Directed By: Ned Hockman
Starring: Beverly Garland, Skip Homeier, Kenneth Tobey
Tag line: "I ain't gonna hurt you... I just want company..."
Trivia: Beverly Garland says this is her least favorite of all the movies she's made
1962’s Stark Fear may think it’s a psychological drama, but don’t let it fool you; with its story of an abused wife who’s ogled and grabbed by almost every guy she meets, this movie is pure, unadulterated exploitation.
To help make ends meet, housewife Ellen Winslow (Beverly Garland) accepts a job as the personal secretary of Cliff Kane (Kenneth Tobey). Unbeknownst to Ellen, Kane and her husband Gerry (Skip Homeier) are business rivals, and there’s a history of bad blood between the two. When Ellen returns home from her first day at work, she finds an angry Gerry waiting for her. Accusing her of stabbing him in the back, he threatens to divorce her if she keeps the job. Not willing to risk her marriage, Ellen quits, but not even this can calm Gerry down. He storms out of the house, and doesn’t return.
A few days later, Ellen pays a visit to Gerry’s boss and is told that Gerry has abruptly taken a 4-week leave of absence, which, because he didn’t clear it first, is grounds for dismissal. With his job hanging in the balance, Ellen sets out to locate her husband, and after speaking to family friend Ruth Rogers (Hannah Stone), discovers he’s been leading a secret life. In fact, Gerry’s not even from Pennsylvania, as he claims; he was actually born and raised in the small town of Quehada, Oklahoma. Hoping to find him there, Ellen visits Quehada, where she meets Gerry’s lecherous old pal, Harvey Suggett, who, after making a pass at her, fills Ellen in on the details of Gerry’s checkered past (which includes a mother, also named Ellen, who treated him badly). While still in Quehada, Ellen runs into Gerry, who accuses her of spying on him. Fearing what he might do to her, Ellen runs away, only to be cornered by Harvey, who rapes her. Her life in a shambles, Ellen tries to pick up the pieces by once again going to work for Cliff Kane. But when she makes one last ditch effort to save her marriage, it results in a tragedy that threatens to destroy what little self-respect she has left.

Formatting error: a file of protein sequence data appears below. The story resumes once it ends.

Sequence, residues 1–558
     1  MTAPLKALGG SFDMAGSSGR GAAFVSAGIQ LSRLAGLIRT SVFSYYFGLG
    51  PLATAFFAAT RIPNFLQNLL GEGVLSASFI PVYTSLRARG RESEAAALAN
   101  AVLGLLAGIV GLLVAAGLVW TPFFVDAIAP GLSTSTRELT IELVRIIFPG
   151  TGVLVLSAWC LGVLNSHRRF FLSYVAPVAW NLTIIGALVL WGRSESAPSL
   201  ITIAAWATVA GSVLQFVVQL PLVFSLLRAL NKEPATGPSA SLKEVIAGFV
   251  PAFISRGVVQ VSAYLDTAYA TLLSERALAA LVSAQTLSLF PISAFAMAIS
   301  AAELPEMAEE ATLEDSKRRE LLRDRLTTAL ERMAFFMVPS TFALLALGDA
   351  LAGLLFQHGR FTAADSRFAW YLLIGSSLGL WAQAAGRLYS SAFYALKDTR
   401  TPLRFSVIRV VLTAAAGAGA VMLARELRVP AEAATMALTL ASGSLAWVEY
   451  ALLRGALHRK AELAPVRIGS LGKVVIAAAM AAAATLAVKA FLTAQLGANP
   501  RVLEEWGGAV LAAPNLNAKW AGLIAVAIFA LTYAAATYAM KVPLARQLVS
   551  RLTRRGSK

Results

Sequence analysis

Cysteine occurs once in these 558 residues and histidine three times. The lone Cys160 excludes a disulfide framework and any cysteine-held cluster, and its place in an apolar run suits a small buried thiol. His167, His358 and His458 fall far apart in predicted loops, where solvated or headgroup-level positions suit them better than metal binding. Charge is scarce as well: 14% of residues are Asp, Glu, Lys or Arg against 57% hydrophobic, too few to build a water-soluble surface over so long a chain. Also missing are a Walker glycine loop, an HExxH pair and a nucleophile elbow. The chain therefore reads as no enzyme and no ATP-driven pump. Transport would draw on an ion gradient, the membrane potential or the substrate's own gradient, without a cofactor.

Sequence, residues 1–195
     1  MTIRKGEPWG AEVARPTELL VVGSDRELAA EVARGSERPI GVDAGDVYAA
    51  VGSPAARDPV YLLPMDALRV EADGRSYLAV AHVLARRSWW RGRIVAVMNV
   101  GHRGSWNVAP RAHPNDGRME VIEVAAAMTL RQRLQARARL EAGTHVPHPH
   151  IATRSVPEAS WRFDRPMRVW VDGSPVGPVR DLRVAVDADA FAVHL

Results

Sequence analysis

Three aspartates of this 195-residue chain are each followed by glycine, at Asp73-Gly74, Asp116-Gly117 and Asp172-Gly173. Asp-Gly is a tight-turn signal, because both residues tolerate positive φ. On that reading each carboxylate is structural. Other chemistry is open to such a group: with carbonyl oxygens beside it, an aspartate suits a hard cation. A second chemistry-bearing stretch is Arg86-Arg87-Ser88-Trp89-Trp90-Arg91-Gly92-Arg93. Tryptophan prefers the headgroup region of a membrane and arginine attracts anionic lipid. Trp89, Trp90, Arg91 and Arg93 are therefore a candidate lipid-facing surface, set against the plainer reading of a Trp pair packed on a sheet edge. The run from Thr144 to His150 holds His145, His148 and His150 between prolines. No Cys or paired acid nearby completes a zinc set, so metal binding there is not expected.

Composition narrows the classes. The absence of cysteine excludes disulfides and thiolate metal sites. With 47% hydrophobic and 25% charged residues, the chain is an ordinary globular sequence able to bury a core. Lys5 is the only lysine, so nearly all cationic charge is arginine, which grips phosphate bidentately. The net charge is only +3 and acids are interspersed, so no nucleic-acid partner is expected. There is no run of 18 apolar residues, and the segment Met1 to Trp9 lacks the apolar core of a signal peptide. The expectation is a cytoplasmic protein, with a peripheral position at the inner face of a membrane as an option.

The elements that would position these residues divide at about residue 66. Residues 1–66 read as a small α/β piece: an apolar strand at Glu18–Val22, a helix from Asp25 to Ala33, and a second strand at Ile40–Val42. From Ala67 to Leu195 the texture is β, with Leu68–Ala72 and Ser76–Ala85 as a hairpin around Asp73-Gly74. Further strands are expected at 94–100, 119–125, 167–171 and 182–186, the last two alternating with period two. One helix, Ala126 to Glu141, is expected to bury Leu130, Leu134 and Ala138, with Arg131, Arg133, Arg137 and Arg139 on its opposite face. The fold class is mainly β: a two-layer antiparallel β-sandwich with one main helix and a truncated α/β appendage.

While it certainly has all the makings of a searing family drama, Stark Fear comes up short in the character department, which ultimately prevents it from developing into a serious take on relationships. The chief problem is the husband, Gerry, who from the word “go” is a total jerk, treating his wife like dirt in their very first scene together (in a fit of anger, he destroys a portrait of Ellen that was hanging on the wall). As a result, Gerry is never anything more than an absolute prick, leaving us to wonder why Ellen wants to save their marriage in the first place. In fact, Ellen doesn’t have a normal relationship with any of the men in this picture. Whether holding a conversation with one or simply passing them in the street, every single male character Ellen encounters undresses her with their eyes, with some (like Harvey Suggett) allowing their infatuation to get the better of them. Even her “professional” association with Cliff Kane eventually develops into a romance. But while it fails as a drama, Stark Fear offers up just enough sex and violence to make it a solid exploitation flick, and on that level it works fairly well.
With an intense performance by Beverly Garland (who looks a little like Janet Leigh in this film) and more sleaze than you can shake a stick at, Stark Fear won’t teach you anything about the nature of relationships, but it will hold your attention.